ROBERT SIEGEL, host:
Competition figures in two new movies in very different ways. "21" is about college students trying to beat the odds in Las Vegas, and "Run Fatboy Run", is about a man trying to beat a romantic rival in a marathon.
Bob Mondello says that this being Hollywood, everybody wins — except maybe the audience.
BOB MONDELLO: "21" is about a boyishly brilliant math student who's invited to join some other collegiate brainiacs in an extracurricular activity. It involves the world's most popular card game, blackjack.
(Soundbite of movie "21")
Unidentified Woman: (As character) It's a game of memory, cards drawn are the past, ones to come are the future.
Unidentified Man #1: (As character) And the best part - it's beatable.
Unidentified Man #2: Are you talking about counting cards?
Unidentified Man #1: No, I'm talking about getting very, very rich.
MONDELLO: Actually, they are talking about counting cards and for the next 90 minutes or so, that's what they're going to do. Accompanied by much snapping of aces on green felt and urgent electronic swooshes. Unfortunately, using a system that's basically impenetrable.
(Soundbite of movie "21")
MONDELLO: Now, I don't know, maybe this is thrilling, and I'm just not getting it. Certainly, there's an attractive young cast and card counting being frowned upon by casinos, there are disguises involved, not to mention, Lawrence Fishburn and Kevin Spacey's snarling a lot which lends a bit of tension.
Because the director knows there's a limit to how exciting he can make the sight of cards being turned over, most of the film is taken up with explaining what's happening, or is going to happen, or has just happened. Which may be enough to keep audiences from heading for the nearest slot machine, but at best, "21" is a sort of collegiate "Ocean's 16" - with dimmer stars and less oomph.
"Run Fatboy Run," on the other hand, feels like a souped-up sitcom — which makes a certain amount of sense, as it's directed by former "Friends" actor David Schwimmer. The premise is that an out-of-shape, London security guard decides the way to win back the affections of a bride he once left standing pregnant at the altar is to run a marathon against her rich new marathon-running American boyfriend. Simon Pegg is the runaway groom; Hank Azaria, the rich new runner.
(Soundbite of "Run Fatboy Run")
Unidentified Man #3: (As character) Libby tells me that you decided to run the marathon?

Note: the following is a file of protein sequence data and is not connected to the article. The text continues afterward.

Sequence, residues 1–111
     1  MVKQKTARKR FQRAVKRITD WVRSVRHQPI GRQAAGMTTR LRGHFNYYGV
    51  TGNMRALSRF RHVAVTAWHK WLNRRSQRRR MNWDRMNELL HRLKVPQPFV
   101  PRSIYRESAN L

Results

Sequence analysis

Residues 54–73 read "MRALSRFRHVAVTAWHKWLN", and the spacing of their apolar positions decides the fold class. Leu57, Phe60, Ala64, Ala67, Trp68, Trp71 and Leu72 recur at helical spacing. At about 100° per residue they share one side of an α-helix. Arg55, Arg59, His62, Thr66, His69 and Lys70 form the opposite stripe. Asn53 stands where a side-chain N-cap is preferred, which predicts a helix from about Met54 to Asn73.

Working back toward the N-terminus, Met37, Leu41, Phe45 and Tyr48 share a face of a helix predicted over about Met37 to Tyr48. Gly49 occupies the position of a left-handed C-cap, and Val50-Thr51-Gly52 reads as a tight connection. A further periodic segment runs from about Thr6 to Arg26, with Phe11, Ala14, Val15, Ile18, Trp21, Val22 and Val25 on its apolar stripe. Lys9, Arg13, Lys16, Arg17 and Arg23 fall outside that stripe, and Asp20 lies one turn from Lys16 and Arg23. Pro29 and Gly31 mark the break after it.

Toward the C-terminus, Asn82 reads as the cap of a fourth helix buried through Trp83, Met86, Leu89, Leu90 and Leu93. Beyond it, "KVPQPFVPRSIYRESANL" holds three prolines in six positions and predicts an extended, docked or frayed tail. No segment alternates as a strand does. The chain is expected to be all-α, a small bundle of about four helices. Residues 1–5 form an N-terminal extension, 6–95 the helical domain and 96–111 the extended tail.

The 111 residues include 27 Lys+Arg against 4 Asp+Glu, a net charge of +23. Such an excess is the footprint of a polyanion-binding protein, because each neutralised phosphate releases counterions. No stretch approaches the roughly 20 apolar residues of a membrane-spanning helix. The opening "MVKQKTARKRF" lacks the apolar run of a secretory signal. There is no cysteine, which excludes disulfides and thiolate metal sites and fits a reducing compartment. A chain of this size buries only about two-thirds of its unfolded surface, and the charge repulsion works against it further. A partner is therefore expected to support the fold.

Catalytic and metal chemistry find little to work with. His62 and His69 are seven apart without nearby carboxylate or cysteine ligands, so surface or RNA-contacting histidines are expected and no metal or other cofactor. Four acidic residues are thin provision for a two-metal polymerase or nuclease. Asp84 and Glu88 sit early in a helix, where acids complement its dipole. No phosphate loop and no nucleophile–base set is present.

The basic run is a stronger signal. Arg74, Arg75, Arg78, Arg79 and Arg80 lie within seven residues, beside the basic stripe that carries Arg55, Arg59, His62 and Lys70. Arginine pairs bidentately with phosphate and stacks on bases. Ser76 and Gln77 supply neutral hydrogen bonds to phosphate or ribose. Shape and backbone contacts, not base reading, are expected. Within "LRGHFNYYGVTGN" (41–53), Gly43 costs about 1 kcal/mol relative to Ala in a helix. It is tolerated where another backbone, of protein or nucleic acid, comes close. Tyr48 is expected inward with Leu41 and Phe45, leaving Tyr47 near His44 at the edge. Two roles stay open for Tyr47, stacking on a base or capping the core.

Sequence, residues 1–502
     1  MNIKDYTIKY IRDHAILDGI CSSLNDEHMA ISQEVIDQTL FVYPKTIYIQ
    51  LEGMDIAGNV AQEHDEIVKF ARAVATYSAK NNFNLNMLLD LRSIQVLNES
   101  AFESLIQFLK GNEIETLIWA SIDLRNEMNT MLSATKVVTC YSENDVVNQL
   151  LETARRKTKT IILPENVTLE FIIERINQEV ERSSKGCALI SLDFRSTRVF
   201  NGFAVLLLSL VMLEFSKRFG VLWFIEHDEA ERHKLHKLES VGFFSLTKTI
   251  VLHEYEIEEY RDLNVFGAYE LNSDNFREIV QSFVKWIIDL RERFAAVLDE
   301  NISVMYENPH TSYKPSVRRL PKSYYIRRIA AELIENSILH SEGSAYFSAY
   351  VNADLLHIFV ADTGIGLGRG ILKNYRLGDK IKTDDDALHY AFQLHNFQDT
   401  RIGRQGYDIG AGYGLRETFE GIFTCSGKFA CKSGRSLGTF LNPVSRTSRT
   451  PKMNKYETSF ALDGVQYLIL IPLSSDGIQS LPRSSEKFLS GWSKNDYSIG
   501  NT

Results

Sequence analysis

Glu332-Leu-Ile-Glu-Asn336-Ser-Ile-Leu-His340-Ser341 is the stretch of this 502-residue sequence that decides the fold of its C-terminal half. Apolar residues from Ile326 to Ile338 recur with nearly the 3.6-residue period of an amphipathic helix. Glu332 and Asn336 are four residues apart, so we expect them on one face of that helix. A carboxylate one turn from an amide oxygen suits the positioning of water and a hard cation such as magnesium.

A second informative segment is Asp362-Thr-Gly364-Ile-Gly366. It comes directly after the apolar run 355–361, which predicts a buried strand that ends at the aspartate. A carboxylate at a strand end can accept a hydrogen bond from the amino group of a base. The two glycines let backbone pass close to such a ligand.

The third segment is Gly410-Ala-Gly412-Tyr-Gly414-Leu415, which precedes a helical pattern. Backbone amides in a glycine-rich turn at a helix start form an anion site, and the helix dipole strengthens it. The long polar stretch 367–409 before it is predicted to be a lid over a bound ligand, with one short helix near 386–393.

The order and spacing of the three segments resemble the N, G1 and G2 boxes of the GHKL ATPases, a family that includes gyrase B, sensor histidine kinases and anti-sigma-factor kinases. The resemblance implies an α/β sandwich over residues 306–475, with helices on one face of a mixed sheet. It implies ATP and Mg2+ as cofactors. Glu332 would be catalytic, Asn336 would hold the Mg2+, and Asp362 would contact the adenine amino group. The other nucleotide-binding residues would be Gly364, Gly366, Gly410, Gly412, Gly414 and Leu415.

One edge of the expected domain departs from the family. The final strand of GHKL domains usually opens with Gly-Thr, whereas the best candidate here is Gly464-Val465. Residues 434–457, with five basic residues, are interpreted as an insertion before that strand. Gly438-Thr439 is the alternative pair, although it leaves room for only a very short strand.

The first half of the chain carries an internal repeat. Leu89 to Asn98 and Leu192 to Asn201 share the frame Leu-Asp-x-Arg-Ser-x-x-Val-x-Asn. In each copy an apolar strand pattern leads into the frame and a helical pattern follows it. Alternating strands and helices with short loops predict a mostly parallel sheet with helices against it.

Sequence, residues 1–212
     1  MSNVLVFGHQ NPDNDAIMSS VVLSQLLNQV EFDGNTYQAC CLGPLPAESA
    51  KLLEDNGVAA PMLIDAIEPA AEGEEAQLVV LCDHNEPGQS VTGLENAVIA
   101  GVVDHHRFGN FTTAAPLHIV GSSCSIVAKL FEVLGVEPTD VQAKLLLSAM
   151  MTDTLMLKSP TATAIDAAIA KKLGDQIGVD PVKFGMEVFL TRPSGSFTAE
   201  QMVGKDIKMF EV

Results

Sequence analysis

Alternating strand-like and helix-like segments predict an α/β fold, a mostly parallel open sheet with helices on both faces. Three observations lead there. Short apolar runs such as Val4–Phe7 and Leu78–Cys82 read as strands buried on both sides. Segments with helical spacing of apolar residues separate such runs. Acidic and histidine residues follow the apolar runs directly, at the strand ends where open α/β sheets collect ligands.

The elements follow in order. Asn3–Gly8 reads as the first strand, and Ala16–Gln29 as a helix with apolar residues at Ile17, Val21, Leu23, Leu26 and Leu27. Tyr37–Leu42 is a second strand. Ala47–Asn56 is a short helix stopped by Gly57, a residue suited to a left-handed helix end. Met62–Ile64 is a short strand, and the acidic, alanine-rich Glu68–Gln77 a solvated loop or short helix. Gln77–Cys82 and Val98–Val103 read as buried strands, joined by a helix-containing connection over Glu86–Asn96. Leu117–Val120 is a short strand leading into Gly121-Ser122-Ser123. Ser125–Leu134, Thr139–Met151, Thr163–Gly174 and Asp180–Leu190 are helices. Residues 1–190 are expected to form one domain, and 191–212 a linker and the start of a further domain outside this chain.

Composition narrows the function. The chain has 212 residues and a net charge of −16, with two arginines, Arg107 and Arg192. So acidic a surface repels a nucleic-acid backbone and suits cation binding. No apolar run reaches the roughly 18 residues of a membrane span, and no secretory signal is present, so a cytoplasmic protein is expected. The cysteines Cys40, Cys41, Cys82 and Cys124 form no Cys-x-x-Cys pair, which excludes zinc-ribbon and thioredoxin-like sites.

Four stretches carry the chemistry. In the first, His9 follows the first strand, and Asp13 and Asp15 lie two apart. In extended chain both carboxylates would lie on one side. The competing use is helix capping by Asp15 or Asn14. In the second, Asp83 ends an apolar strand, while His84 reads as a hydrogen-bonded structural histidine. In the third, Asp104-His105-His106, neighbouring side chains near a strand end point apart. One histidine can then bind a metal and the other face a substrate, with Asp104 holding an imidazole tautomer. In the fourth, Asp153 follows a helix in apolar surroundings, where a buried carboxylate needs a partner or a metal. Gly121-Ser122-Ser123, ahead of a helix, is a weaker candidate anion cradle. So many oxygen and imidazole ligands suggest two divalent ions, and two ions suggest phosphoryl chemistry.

Mr. SIMON PEGG (Actor): (As Dennis) Yeah.
Unidentified Man #3: (As character) That's great, man. Seriously, you ever run a marathon before?
Mr. PEGG: (As Dennis) No. Why?
Unidentified Man #3: (As character) It's pretty grueling.
Mr. PEGG: (As Dennis) Well, yeah, that's why they call it a marathon.
Unidentified Man #3: (As character) Actually, technically, it's called a marathon because of the events in 490 B.C., there was a Greek soldier named…
Mr. PEGG: (As Dennis) Can I just stop you there?
Unidentified Man #3: Yeah?
Mr. PEGG: (As Dennis) I've got nothing to say, I just wanted to stop you there.
MONDELLO: Simon Pegg is an appealing leading man and he's been given a couple of sitcom-worthy sidekicks to help him through a training regimen that leads, inevitably perhaps, to much ado about blisters.
(Soundbite of movie "Run Fatboy Run")
Mr. PEGG: (As Dennis) You. You're gonna have to pop it.
(Soundbite of laughter)
Unidentified Man #4: (As character) No. No way, I've never popped a man's pustule.
Mr. PEGG: (As Dennis) Well, I'll do it then. Give me the needle.
Unidentified Man #4: (As Character) It's fine, I sterilized it.
Mr. PEGG: (As Dennis) In what?
Unidentified Man #4: (As character) It's sterilized.
Unidentified Man #5: (As character) Prick it in.
Unidentified Man #6: (As character) Pop it.
Mr. PEGG: (As Dennis) I can't.
Unidentified Man #6: (As character) Why not?
Mr. PEGG: (As Dennis) It's scary.
Unidentified Man #6: (As character) Give it to me. Just do it slow.
Mr. PEGG: (As Dennis) Do it gently, okay?
Unidentified Man #6: (As character) Yeah, after three.
Unidentified Man #4: (As character) Up to three, okay?
Mr. PEGG: (As Dennis) Okay.
Unidentified Man #4: (As character) One…
(Soundbite of yelling)
MONDELLO: Like I said, sitcom wri large. "Run Fatboy Run" trots amiably past its plot points and also past its graceful leading lady, Thandie Newton, who never breaks a sweat to an overlong, overblown marathon finale with an over-prominent Nike plug. Schwimmer's direction is pedestrian — but then it's not his fault that the material is kind of lame.
I'm Bob Mondello.
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